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If you’re like me you’ve probably got a sneaking suspicion that you don’t really understand the world. You probably feel like big events seem to happen almost without reason and that people who claim to have a good handle on things are just faking it. You probably also find this feeling keeps you awake at night.

And here’s the thing: you’re right!

Life, it seems, is essentially unpredictable. Even experts are pretty rubbish at predicting things. Consider research conducted by Philip Tetlock who undertook a two decade study into experts and what they knew or, indeed, didn’t. He rounded up nearly 300 experts (seriously clever people in a range of fields) and got them to answer over 27,000 questions between them about how various things would pan out (proper, measurable things) and waited to see how many of them were right. What he found was that experts were right more often than non-experts but they were still wrong the majority of the time. The smartest people in the world couldn’t be relied upon to know how things would go down even in fields in which they were pre-eminent.

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Nassim Taleb has written on this topic extensively. In The Black Swan he recounts numerous examples of our failure to predict massive, world changing events. We failed to predict the Wall Street Crash. We didn’t foresee the rise of the Soviet Union, or its fall! We didn’t even see Harry Potter coming. Taleb points out that the networked nature of the modern world ensures that these wide-reaching events will be more common in the future and that the fundamental interconnectedness of all things makes their impacts even harder to predict. It appears we have started out with a complex and hard to predict world and systematically made it more so!

Coming back to the world of business and innovation, we need only look at Clayton Christensen’s The Innovator’s Dilemma for striking examples of how strong, well oiled companies, titans of their industries, failed to see the coming of some new technology or other changes which ended up destroying their core businesses. Not only that but they frequently failed to see those same disruptive opportunities when they came from within. Remember how Xerox didn’t see the potential in the computer mouse or GUI? How different the world of technology might be today if they had.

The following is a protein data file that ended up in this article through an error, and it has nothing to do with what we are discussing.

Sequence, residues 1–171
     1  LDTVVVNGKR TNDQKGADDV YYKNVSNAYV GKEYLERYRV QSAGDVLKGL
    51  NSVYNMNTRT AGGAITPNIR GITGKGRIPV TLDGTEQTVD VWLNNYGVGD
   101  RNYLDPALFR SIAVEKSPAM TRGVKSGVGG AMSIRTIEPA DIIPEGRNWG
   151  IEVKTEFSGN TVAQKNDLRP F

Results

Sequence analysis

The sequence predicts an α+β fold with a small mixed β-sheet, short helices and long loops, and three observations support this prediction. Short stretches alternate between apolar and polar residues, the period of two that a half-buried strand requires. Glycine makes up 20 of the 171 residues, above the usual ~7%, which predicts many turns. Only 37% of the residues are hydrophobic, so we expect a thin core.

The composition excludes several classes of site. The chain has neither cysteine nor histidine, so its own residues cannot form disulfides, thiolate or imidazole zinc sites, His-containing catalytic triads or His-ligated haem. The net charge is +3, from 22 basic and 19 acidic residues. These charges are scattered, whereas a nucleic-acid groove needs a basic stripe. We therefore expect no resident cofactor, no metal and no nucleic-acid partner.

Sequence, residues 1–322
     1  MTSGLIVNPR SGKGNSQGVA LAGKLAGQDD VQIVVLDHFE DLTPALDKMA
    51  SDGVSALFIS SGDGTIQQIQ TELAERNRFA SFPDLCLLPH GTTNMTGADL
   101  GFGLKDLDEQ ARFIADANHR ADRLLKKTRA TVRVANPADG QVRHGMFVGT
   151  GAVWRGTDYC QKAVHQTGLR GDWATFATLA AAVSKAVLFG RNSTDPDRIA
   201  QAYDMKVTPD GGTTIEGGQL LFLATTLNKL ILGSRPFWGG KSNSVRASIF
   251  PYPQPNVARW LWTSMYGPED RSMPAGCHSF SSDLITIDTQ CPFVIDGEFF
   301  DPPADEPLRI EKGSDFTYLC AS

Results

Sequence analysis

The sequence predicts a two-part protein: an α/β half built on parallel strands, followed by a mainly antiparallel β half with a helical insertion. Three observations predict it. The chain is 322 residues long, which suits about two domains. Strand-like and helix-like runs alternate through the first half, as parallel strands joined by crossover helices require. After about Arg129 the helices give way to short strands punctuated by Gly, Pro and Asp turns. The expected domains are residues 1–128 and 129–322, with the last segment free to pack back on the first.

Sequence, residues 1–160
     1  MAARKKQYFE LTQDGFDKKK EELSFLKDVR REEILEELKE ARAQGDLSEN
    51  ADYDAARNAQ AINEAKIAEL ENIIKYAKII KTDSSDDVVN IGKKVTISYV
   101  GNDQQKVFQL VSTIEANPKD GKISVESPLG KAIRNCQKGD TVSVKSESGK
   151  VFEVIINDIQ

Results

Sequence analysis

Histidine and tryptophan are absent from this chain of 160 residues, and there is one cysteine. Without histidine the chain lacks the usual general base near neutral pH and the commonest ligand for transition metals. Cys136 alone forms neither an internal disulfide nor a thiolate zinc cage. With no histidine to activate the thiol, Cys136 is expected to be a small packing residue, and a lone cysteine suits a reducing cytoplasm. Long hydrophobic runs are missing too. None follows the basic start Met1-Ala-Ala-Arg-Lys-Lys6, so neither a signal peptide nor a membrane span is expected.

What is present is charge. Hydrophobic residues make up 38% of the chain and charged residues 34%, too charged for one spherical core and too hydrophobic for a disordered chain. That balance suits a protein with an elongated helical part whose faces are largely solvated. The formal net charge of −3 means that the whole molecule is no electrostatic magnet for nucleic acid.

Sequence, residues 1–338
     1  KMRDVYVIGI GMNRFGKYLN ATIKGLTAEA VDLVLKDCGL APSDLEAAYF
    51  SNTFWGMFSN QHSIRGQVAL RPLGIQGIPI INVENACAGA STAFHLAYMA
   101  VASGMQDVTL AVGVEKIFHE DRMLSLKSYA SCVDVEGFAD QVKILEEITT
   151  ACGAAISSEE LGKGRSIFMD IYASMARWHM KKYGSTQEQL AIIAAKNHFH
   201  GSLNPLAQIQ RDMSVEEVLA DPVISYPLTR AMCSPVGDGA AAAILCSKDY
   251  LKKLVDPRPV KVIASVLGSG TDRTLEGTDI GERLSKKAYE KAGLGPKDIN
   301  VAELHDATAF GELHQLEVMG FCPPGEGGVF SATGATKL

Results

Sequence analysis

All of this leaves us with a major headache – if we intend to be creative that means doing something now which will bring benefits in the future. But if we can’t predict the future, how can we possibly know what we should create? How can we plan and build for a future that will probably not exist?

The answer, it seems, is to tinker.

In Antifragile, Nassim Taleb outlines how to deal with the dangers of an unpredictable future. He specifically cites “convex tinkering” as a way to build something which stands up to the unpredictable nature of the world. Essentially, don’t worry about understanding the big picture or predicting the future, instead build small, self contained things and grow them organically, adapting as you go. The point being that success in an unpredictable world is dependent on making mistakes that you can survive! In Adapt, Tim Harford points to systems such as evolution which have proved highly successful without the need (or indeed the ability) to predict anything at all. And in The Lean Startup Eric Ries points out that rapid iteration is the key to successful innovation.

Creativity depends on big ideas and ambitious dreams. Nobody can be creative unless they let themselves think in ways which are free from the normal and safe. But what we sometimes fail to focus on is that for big dreams to become big realities they must stand up to a harsh and unforgiving world. They must not only stand up to the unexpected but be built in such a way as to take advantage of it. They must be flexible and built to benefit from constant change. This means tinkering and iterating.

Innovation requires two clear and distinct mindsets, those of both a revolutionary thinker and a garden-shed tinkerer. These mindsets seem diametrically opposed and they’re not frequently found in the same head (this is why successful innovation is almost always a team sport) but you have to hold them both up as equally vital.

A few weeks ago, in these electronic pages, I reeled off a list of apparently contradictory items of wisdom. I find myself now thinking of two more which, together, sort of sum up what I’m saying here: “shoot for the moon and and you might hit the stars” and “remember, great oaks from small acorns grow”.